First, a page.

I’ve been thinking about starting this blog since last year when I was editing a book on Chinese NGOs with Jonathan Schwartz, a colleague of mine who teaches at SUNY New Paltz. Editing that book with Jonathan opened my eyes to the richness and diversity of grassroots NGOs in China. I have to confess that I came to the NGO scene only recently, after forays into local governance, and corruption in China. But I thought I understood China’s political landscape pretty well, until I started editing this book, and then it became apparent how little I did know about the NGO scene and how quickly it’s developed over the last few years. My thanks to the other contributors to that volume who helped me better understand the Chinese NGO sector: Tim Hildebrandt, Catherine Keyser, Joan Kaufman, Andre Laliberte, Marsha Smith, Jennifer Turner, and Hong Zhang.

In editing the book, I found that grassroots NGOs have been sprouting up all around the country, despite the authoritarian political system, an unclear and unwelcoming regulatory environment, and a state-dominated, profit-obsessed society that is only beginning to understand what NGOs, nonprofits and philanthropic foundations are. These NGOs or proto-NGOs take all sorts of forms that often bear little resemblance to NGOs and nonprofits in industrial democracies. But they are engaged in addressing a wide range of social problems, using visions, ideas and approaches that are refreshingly different from the government’s to carry out social, legal, political and ideological change from the bottom up.

I became so fascinated by NGOs that I decided to start another book project, this time one focused on the NGO activists themselves, their background, what influenced them to go into NGO work, and their strategies and ideas for expanding their influence, and carrying out social and political change in an authoritarian system.

In January of 2009, I took a trip to Yunnan and Sichuan to interview NGOs there, including NGOs that had responded to the earthquake that hit western Sichuan in May of 2008. My interviews with NGO leaders there, hearing about their projects, their ideas, their ambitions and their failures, convinced me that I needed to do more to tell the story of grassroots NGOs to an English-speaking audience. Since then, I have been back to Sichuan in June of 2009 to follow up on what NGOs were doing in the earthquake reconstruction, and interviewing NGO founders here in Beijing.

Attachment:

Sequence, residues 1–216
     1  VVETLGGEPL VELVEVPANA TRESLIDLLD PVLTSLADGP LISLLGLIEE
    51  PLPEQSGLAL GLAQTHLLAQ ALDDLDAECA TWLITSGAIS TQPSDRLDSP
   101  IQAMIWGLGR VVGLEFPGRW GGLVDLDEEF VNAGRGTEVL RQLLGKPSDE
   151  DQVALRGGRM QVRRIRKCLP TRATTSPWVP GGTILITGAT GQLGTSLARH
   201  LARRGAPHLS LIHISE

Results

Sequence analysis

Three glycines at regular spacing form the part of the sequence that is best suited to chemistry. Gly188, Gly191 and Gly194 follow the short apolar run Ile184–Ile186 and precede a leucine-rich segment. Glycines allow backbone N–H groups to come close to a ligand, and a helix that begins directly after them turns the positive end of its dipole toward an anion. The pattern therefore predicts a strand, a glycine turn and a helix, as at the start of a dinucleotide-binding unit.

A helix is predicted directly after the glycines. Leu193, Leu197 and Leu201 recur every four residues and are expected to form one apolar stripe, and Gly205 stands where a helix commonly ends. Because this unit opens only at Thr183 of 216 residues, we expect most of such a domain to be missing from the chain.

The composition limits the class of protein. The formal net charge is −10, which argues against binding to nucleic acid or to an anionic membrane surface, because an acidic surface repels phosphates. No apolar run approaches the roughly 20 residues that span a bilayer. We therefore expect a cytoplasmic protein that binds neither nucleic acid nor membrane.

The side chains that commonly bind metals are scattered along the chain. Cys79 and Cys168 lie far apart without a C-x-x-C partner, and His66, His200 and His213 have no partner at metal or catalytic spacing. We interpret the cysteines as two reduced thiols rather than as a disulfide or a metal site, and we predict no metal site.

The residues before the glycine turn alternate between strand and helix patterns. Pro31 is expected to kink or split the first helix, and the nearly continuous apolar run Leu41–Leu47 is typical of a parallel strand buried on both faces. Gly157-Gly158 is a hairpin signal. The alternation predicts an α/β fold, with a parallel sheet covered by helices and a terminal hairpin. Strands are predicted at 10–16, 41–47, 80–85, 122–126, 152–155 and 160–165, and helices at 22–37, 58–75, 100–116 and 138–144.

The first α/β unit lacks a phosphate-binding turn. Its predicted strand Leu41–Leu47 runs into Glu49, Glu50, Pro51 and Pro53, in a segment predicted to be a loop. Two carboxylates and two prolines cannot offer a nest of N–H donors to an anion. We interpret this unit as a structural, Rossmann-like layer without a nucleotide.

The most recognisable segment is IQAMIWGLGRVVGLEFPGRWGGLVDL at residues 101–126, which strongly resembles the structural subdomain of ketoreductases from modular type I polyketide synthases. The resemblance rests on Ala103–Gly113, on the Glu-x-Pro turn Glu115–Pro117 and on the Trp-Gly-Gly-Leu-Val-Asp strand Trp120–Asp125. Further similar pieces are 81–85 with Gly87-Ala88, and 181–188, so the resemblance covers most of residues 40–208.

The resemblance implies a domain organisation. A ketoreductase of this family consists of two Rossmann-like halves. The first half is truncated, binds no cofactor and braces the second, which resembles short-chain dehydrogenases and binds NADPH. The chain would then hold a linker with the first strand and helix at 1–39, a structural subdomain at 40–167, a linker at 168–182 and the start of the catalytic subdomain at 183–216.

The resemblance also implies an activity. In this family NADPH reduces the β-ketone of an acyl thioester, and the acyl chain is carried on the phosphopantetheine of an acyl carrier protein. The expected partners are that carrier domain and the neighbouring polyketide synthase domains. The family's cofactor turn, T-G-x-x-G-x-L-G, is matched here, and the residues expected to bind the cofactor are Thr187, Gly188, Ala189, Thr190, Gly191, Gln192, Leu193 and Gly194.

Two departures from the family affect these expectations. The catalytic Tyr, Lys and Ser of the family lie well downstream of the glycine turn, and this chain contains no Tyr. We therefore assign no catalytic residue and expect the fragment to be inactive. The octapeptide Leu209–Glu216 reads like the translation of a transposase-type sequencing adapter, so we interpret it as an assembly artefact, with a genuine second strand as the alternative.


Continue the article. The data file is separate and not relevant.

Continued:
So the main reason for starting this blog is to record and thereby recognize some of the diversity and scope of the NGO community here, and communicate it to an English-speaking audience. I realize that is a tall order, and can’t promise much. The NGO community in China is too large for one person to do justice to in a blog. It will be a record of my own discussions with, and readings of, NGO activists, academics, and others who inhabit and contribute to the development of the nonprofit, nongovernmental, charitable sector here in China. Whenever possible, I will be asking people to write a guest column for this blog.

I have no ambitions of filling the large void left by China Development Brief (CDB), an NGO started by Nick Young. CDB did a great job of informing both Chinese and English speakers about Chinese NGOs and civil society, as well as many other aspects of social development. Unfortunately, it was closed down (although the Chinese counterpart still works out of the same office space) and Nick was ordered to leave the country in August of that year. The closing down of CDB meant the loss of an important source of English-language information about the China NGO scene, and got me thinking of ways to revive CDB in another form, or failing that, starting a blog that would keep English-language readers informed about NGO developments in China. As I found out, trying to revive CDB proved too sensitive, and so a blog became the next best option.